It is interesting to compare Dodgson’s photographs with the nude children taken by contemporaries like Julia Margaret Cameron and Oscar Gustave Rejlander, who, while they did not fully escape judgement, somehow managed to avoid the label of “pervert” that has landed squarely on Dodgson’s soldiers. Or, for that matter, with the paintings of William Stephen Coleman (whose children, Roger Taylor notes, were “happy to be naked in the perpetual sunlight of his imagination”), Paul Chabas, Paul Peele, Leon Frederic, and others. It was not the nudity or the age that offended: naked children were, in fact, “a favorite subject matter” (104, Princeton) in popular art at the time. Moreover, Dodgson photographed relatively few nude studies: “eight sessions spread over thirteen years involving the children of six families.”

The fact is, it is not merely the nudes that come into question; but all of Dodgson’s pictures of little girls and, beyond that, his relationships with his “child-friends” in general. Indeed, one cannot help but wonder why he has become the focal point of so much prurient speculation. In a letter to one of the sitter’s parents, Dodgson remarked, “If I did not believe I could take such pictures without any lower motive than a love of pure Art, I would not ask it.” (109, Princeton)

Only four of these nude studies survive today, and they are heavily hand-colored, barely discernable as photographs. Dodgson took special precautions to destroy copy prints and negatives of these studies, which were always taken with the parents’ full knowledge and consent. He was all too aware of the climate in Victorian England, the zeal with which the Society for the Suppression of Vice worked to search out and destroy cases of “indecent” photography and art, and to bring charges. The fact that the camera provided a more “clinical” picture than did paint made the matter of photography all the harder to define: at the time, many were still unsure whether photographs should be considered art at all.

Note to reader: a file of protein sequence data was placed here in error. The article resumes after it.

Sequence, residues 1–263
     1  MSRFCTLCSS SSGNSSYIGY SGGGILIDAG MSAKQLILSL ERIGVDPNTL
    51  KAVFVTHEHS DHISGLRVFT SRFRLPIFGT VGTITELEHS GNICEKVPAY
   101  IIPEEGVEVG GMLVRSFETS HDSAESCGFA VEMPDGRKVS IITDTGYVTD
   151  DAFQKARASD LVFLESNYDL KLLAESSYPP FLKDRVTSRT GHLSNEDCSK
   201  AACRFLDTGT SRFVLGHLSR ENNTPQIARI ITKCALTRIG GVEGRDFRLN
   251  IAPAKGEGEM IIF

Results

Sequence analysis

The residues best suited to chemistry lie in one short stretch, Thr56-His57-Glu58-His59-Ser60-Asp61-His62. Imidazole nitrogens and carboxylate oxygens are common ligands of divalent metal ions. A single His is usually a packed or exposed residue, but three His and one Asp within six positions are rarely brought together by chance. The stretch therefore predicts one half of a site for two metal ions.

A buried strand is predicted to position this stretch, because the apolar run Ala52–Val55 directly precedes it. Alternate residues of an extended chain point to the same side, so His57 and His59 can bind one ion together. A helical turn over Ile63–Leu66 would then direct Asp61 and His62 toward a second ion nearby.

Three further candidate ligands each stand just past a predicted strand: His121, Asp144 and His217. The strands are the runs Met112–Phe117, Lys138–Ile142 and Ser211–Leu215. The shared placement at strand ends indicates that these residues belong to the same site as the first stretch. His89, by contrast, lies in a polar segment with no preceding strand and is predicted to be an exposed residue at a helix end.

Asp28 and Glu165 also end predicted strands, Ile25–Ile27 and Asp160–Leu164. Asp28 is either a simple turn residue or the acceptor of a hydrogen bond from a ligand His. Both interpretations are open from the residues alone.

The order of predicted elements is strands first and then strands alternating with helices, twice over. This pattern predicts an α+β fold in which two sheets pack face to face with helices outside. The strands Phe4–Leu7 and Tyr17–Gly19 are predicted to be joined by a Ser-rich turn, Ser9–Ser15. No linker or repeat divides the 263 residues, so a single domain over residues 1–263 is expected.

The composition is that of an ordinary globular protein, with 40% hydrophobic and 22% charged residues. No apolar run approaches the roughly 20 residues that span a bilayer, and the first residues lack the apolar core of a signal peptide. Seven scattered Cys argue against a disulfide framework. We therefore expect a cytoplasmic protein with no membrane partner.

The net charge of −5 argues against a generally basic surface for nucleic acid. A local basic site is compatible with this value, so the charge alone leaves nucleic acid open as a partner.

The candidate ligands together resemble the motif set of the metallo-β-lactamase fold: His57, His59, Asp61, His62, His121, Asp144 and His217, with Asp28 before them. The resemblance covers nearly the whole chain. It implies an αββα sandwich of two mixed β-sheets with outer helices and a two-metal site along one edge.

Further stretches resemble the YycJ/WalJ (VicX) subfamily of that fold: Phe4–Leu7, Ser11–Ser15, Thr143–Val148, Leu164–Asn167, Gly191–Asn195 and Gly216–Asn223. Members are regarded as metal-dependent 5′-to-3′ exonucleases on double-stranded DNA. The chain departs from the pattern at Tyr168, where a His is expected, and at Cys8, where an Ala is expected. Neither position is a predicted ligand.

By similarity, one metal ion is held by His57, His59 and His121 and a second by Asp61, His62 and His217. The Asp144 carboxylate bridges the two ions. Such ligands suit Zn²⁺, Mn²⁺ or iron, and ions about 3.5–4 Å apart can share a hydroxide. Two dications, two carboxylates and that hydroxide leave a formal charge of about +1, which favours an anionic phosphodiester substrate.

One thing that becomes clear on examination is that there is a notable difference between how Dodgson’s children are presented and how children were depicted by other artists of the time. These children do not have wings or halos; they are not sentimentalized or safely desexualized. Rather, there is a wildness, a savagery about them that rings all too true, perhaps too disturbing to viewers, precisely because there are virtually no props and no backdrop, save for a simple cloth. There are no suggestive halos to reassuringly convey purity and innocence. These children are shown as they are, simple and direct, staring candidly at the camera, clearly willing participants in the game. They wear their own clothes, often reclining on a couch, playing in the deanery garden or his grounds at Christ Church.

Which is not to say that Dodgson never staged a tableau, such as St. George and the Dragon, Little Red Riding Hood, or the famed images of Xie Kitchin as China Man and Penelope Bootheby and Alice Liddell as Beggar Girl. But this form of dress-up was not at all uncommon for the time (as it is still common today). And even when in costume, Dodgson’s children are not dressed up so as to be believable, as in Julia Margaret Cameron’s elaborate scenarios. Their props are far more whimsical, obvious and cheap, mere suggestions of a theme, perhaps no more than amusements to help pass the time in the studio. Dodgson does not insult our intelligence by assuming he needs to spell it out for us. As Nickel notes, this is something the Victorian viewer in particular would have appreciated, for it requires a level of sophistication beyond what is called for when viewing the work of his contemporaries. Dodgson gives us a nudge and a wink, seeming to say, “I don’t need to spell it out for you; I know you get it.”